U.S. Jeep 1/4 Ton 4x4 Truck Willys MB
Modeling the U.S. Army in WWII

and MM115A with figures

This is one of the first kits I bought when I got back into modeling in 1990. Even then it was old and had been eclipsed by the jeep and trailer set from Italeri.

This 1970s molding comes from "back in the day" when Tamiya shipped sprues to the USA, where Model Rectifier Corporation (MRC) packaged them for the domestic market. Some boxings included separate figure sets with the vehicles, such as seen in the MM11A box above. The other novelty of MRC boxing was being able to read the side panels of the boxes in English.

This was one of those weekend kits I used to enjoy. Build on Saturday. Paint on Sunday. Decals on Wednesday. (Then came weathering on Saturday. And then photoetch had to come after Saturday, but before painting that used to be on Sunday, but now might be in the middle of the week or the next weekend. If I'm not doing research. Or waiting for that upgrade set to arrive.)

This jeep was offered with four integral figures, three manning the vehicle and one standing and presumably giving directions ("Them krauts is just around da corner."). The figures were a little more substantial in size (thicker, not taller) than the additional set of "fighting men" from kit 35013. I think I'd already gotten these four extra figures as they were separately boxed, and used these for conversions, as there was not much on the market back in 1990.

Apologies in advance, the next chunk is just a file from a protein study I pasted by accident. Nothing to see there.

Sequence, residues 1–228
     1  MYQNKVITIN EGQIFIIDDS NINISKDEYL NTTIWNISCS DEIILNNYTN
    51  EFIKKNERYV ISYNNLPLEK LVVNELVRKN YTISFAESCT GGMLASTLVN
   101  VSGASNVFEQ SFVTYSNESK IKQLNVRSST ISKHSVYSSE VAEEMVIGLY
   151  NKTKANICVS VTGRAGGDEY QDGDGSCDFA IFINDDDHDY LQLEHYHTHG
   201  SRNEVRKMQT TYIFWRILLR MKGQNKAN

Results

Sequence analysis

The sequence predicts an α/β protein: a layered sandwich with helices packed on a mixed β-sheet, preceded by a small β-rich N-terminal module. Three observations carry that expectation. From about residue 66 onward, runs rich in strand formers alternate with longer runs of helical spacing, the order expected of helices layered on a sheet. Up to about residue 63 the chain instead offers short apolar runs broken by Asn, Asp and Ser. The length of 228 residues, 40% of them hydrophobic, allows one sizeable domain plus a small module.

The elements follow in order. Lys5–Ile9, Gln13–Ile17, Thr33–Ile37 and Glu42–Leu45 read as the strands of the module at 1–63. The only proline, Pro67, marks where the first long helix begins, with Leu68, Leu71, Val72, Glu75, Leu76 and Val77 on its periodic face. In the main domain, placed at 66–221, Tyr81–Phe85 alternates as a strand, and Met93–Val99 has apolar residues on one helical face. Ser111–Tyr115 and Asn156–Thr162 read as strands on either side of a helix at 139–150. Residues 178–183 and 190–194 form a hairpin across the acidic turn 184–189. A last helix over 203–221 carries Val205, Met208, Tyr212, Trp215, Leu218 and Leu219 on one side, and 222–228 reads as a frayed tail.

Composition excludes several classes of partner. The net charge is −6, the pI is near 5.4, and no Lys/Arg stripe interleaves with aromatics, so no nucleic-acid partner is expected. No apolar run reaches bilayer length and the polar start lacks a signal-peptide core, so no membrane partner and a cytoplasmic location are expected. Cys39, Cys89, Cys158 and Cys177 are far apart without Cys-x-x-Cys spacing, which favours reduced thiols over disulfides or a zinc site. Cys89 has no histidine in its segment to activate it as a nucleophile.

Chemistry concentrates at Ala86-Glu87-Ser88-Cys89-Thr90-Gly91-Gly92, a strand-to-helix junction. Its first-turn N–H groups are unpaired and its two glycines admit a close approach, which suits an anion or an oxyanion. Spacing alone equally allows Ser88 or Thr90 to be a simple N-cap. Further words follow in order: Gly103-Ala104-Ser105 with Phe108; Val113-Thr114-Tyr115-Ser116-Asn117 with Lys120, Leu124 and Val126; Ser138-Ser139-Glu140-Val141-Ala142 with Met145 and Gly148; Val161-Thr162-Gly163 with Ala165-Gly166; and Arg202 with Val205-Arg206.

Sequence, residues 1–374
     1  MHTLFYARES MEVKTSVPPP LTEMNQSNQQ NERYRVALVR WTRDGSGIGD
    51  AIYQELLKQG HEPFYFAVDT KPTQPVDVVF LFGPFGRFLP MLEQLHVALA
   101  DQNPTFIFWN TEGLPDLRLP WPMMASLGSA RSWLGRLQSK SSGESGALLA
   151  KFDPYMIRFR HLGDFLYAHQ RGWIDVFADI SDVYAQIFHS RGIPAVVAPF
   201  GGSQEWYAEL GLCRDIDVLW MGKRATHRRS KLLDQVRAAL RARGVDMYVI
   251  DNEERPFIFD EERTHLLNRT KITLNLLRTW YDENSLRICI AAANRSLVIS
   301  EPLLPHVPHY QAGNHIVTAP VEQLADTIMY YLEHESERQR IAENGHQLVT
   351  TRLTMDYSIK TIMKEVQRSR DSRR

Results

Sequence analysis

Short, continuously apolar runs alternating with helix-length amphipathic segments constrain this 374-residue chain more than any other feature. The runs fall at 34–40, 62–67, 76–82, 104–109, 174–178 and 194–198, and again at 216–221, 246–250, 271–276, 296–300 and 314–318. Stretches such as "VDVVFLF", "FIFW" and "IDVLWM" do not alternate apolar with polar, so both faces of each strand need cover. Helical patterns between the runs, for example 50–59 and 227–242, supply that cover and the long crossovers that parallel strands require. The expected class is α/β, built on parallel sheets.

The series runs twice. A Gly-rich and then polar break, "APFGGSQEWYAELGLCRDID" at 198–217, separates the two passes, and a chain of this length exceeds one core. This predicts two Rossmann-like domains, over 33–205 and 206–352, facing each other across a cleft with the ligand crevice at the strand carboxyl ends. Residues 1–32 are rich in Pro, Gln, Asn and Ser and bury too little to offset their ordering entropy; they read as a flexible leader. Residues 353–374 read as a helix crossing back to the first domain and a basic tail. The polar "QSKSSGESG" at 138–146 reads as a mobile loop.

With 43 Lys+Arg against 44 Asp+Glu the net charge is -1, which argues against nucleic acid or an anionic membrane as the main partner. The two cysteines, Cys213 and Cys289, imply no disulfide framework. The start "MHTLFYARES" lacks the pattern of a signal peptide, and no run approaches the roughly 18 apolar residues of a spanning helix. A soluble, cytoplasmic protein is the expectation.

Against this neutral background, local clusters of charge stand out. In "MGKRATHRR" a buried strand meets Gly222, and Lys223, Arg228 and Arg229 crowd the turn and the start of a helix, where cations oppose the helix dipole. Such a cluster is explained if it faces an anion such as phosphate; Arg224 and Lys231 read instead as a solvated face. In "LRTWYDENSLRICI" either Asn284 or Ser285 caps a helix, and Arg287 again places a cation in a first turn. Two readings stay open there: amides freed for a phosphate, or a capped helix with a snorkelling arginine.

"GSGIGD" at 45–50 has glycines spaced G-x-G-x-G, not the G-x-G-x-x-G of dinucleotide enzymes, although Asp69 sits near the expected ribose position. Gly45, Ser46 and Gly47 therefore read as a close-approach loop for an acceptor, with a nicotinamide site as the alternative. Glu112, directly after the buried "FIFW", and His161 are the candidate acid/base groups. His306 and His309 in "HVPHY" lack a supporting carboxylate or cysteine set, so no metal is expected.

The jeep itself was much better than its chief rival, Monogram's offering with the 37mm anti-tank gun, which was scaled at 1/32. Tamiya included an engine, a pedestal mounted .50 machine gun, and the option of an extended canvas roof. The 1/4 ton trailer was very similar to Italeri's. There were some additional accessories to fill up the trailer, including a 60mm mortar, jerry cans, cable reels, tarps, and a box. There was also some generic radio that was probably based on a post-war type. The decals gave a wide range of options, including military police markings that could be used with three of the four unit designations, and medical markings for two designations.

Overall, the quality was acceptable for the time, but the jeep looks chunky today, certainly without the finesse of Tamiya's 1997 product.

If you see one of these on the shelves or eBay, its real value is as a youngster's project, collector's item, or pure nostalgia. For serious modeling, look for Tamiya's later version, or Italeri's if you want a trailer.



Modeling the U.S. Army in WWII © 2002—2007 Timothy S. Streeter